New York Times cutting newsroom jobs as apps and native ads fail to reverse losses

The newspaper industry continues to be disrupted despite innovative apps and new advertising formats.

The New York Times is cutting 100 newsroom jobs to ensure long-term profitability because of disappointing performance of new initiatives such as news apps and native advertising meant to reverse declining revenues.

Jeremy Bar at Capital New York reported:

The New York Times will reduce its newsroom head count by 100 through a combination of buy-outs and, if not enough staffers volunteer, layoffs, according to a memo sent to staff by publisher Arthur Sulzberger Jr. and CEO Mark Thompson.

The company will also cut a few positions from its business side and from its larger editorial operation, the Times' Ravi Somaiya reported. The Times is also ending its NYT Opinion app, which launched in June, due to a lack of consumer interest.

The 100 position reductions will comprise some 7.5 percent of the Times' 1,330-strong newsroom, Somaiya noted.

Foremski's Take: Media disruption continues to bite into newsroom jobs. If the New York Times is having problems stemming declines in revenue through initiatives such as news apps and "native advertising," where brands pay the advertising department to produce stories that look similar to those produced by journalists, then the rest of the newspaper industry is likely facing the same issues.

It's now very clear that native advertising and news apps won't save US newspapers from the continuing disruption to their business from giant competing publishing platforms such as Google, Facebook and thousands of other websites. They can thrive on low advertising rates but newspapers can't because their costs of business are far higher: people producing content is more expensive than servers and software.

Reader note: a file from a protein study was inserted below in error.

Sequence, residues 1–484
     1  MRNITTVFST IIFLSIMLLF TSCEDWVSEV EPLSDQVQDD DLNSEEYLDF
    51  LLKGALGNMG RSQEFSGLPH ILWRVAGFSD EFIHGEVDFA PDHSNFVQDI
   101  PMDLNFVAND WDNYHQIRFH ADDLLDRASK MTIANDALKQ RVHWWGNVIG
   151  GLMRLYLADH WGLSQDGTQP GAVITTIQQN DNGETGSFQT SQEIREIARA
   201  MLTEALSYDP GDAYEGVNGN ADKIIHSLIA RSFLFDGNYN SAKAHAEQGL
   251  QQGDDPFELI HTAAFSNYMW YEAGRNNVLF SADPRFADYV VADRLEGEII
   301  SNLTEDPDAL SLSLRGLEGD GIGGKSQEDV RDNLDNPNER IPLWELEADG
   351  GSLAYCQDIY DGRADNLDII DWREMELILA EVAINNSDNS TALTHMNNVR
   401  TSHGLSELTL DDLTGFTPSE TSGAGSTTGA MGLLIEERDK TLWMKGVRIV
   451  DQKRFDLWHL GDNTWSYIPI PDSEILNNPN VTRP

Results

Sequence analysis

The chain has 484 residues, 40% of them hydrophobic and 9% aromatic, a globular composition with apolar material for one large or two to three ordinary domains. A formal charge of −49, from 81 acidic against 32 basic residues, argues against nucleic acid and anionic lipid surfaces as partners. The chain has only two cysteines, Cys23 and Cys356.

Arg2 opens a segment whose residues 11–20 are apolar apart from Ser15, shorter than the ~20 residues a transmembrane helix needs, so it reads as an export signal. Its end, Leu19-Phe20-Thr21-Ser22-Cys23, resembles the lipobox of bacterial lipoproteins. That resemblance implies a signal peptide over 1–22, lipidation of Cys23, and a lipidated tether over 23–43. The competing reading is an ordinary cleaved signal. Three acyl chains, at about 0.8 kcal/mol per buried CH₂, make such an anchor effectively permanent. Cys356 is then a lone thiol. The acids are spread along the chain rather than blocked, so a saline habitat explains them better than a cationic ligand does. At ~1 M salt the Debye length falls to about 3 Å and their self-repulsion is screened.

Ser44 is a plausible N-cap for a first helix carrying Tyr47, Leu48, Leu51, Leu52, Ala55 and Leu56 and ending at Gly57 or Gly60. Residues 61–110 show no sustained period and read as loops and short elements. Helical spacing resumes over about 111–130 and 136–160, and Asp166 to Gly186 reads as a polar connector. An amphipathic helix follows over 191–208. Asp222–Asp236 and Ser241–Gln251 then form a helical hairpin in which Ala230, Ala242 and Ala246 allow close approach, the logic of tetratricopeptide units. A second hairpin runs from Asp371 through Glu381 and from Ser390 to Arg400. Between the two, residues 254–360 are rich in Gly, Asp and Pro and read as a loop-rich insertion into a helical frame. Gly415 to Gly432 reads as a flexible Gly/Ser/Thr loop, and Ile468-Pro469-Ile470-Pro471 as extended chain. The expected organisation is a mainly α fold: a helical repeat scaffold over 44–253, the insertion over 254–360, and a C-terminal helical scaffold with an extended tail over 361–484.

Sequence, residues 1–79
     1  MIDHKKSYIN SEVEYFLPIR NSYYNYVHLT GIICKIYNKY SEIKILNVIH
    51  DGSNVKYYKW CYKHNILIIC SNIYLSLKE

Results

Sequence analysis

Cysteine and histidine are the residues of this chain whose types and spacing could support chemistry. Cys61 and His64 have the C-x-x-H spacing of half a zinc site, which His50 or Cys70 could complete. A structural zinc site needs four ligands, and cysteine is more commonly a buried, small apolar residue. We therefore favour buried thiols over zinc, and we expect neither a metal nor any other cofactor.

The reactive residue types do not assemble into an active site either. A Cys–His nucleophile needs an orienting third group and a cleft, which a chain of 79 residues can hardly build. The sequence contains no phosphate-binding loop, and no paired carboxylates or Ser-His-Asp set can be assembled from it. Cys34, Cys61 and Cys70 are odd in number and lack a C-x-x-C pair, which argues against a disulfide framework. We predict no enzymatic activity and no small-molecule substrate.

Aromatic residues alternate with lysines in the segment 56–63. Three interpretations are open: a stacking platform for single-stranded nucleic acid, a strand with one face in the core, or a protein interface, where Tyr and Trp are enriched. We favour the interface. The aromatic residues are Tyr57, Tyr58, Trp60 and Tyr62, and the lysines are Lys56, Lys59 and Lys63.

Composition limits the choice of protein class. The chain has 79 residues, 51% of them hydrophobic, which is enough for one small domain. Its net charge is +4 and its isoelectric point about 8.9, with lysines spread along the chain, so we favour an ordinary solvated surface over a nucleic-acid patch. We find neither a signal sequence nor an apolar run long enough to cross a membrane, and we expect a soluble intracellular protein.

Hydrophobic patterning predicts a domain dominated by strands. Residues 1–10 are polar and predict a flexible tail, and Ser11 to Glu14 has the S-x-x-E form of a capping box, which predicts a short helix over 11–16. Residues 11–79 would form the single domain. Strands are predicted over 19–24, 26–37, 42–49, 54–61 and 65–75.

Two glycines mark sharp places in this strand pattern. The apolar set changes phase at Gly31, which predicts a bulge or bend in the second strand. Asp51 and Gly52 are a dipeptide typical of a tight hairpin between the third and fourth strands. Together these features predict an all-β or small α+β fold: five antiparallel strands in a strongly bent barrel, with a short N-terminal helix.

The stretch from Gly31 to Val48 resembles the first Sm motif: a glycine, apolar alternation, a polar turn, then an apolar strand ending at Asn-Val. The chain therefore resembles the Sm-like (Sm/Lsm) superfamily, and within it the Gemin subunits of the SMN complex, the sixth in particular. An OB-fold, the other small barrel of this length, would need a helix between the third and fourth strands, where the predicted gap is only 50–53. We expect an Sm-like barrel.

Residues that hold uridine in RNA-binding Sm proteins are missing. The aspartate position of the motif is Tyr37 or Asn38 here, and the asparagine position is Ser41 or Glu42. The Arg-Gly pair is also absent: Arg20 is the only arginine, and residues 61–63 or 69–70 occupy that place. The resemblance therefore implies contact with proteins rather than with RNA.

However, as newspapers clutch at native advertising and news apps to generate lost revenues, they will sabotage their future and accelerate their demise. They lose reader's trust because of native advertising, and scarce resources are depleted in expensive investments in developing apps.

Faith in "apps" as a savior of newspapers, was widely seen in commentary last year, around Amazon's Jeff Bezos' and eBay's Pierre Omidyar's announcements of their combined half-a-billion dollars in media investments. These billionaire technologists were expected to come up with innovative apps to reverse the declines in the news business. They didn't come up with anything new and Omidyar has been forced to drastically scale back his plans because of no clear revenue model. 

Apps won't save newspapers and nor will native advertising, on which the New York Times' management have placed great hopes. 

Joe Pompeo reporting for Capital New York, writes that marketers have been paying the New York Times advertising department as much as $200,000 to create the content for a native ad — this doesn't include the costs of running the ad.

Pompeo reports that, "The most successful campaigns have netted hundreds of thousands of views."

That's a staggeringly poor return for a hugely expensive native ad, which is essentially just one story. Unlike normal ads that can be republished many times, and the creative that can be used across many publications, native ads are designed to be specific to one publication. Ads require multiple views to make an impression, as much as nine to be effective.

Native ads are an unsustainable business model for newspapers. The costs are too high even for top brands and they'll quickly abandon the practice as enthusiasm for the native ad format across the ad sector, is punctured by the reality of high costs and poor returns. But the damage to a newspaper's credibility will be hard to reverse.

In the largest ever study of native ads by Edelman, the world's largest privately held PR firm, with 5,000 readers polled, brands benefited at the expense of the publication. The majority opinion of the newspaper carrying the native ad declined while that of the brand improved.

The New York Times management is selling its hard-won readers' trust in its journalists, for a handful of beans — and there's no magic beanstalk with a goose laying golden eggs in this story — just more pain and newsroom cuts.

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